PLM International, in an indication that no-load funds may succeed as a means of raising capital for transport-equipment syndicates, said sales of the industry's first-ever no-load fund have far exceeded expectations.

PLM is one of a small group of firms that raise money by selling shares in equipment funds to the public. The funds are used to buy containers, ships, aircraft and railcars, which are then used by carriers under operating leases lasting two to five years.The firms traditionally have made their money through management fees and up-front sales fees. But with declining interest in funds of all kinds sold with front-end charges, including standard stock mutual funds, PLM earlier this year stopped introducing full-load transportation funds, whose sign-up fees consume as much as 18 percent of a buyer's initial investment.

Instead, PLM rolled out the first no-load transport equipment fund. It will surrender the $15 million to $18 million in fees it generated from each load fund in return for a 15 percent ownership stake in each of its new funds.

Executives of PLM, now profitable after reporting $31 million in losses since 1992, acknowledged the risk attached to the strategy.

''PLM becomes an investor alongside individual investors by paying the up-front fees, and relies upon the overall performance of the fund to earn a return on its investment," said Allen Hirsch, president of PLM Financial Services.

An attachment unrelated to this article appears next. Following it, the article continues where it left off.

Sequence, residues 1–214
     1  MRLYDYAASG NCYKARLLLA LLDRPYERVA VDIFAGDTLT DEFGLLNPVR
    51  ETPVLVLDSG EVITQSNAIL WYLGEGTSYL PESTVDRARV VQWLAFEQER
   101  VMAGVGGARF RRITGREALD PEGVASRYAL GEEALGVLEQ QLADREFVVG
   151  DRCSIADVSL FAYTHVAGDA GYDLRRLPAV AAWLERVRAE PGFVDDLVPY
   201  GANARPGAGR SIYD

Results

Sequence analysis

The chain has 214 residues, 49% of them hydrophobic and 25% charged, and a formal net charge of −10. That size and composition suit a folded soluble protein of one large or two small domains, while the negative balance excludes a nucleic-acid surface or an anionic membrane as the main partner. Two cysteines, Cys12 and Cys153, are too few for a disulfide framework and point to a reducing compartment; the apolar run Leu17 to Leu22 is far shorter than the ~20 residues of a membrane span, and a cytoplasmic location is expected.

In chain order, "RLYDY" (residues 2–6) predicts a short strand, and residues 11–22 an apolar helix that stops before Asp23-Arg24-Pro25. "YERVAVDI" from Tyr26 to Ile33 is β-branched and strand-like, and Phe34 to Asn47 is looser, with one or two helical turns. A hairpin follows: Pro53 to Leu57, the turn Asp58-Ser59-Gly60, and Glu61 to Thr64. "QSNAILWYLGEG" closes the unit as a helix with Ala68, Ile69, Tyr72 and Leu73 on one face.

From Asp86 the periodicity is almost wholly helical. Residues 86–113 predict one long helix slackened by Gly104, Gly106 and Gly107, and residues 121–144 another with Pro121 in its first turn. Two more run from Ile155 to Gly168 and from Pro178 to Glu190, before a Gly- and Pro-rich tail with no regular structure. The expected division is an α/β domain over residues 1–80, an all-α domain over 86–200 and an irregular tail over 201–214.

''A no-front-end-fee investment opportunity, where 100 percent of investors' money goes to work for them from day one, was our response to changing attitudes in the syndication market," he said.

Without the fee income, PLM probably will have less ability to invest in equipment for its own account, an issue that other syndicators say is one reason behind their reluctance to make the leap to full no-load sales.

PLM "paved the way in saying that (no-loads) are doable. They took a long, hard look at their structure, and they have seen immediate rewards for that," said Dennis Tietz, president of Cronos Capital Corp. in San Francisco.

But he said the forgone capital and opportunity cost associated with sacrificing load income would be too great.

''I think the trend is going to be toward lower loads, because that is the pressure from the marketplace," he added. "But I don't see anybody following the no-load route of PLM."

The Professional Lease Management Fund I, San Francisco-based PLM's first no-load fund, raised $32 million from mid-March through mid-August, PLM announced Tuesday.

The $9.6 million raised by the no-load PLM fund in July exceeded the amount raised by any other syndication product, including oil and gas and real-estate funds, according to the Stanger Report, a newsletter tracking the syndication market.

The fund will close out when it reaches $100 million, at which point PLM will begin selling a similar fund.

"We are planning to move to this (no-load) format in the future," said Janet Turner, PLM's director of investor relations.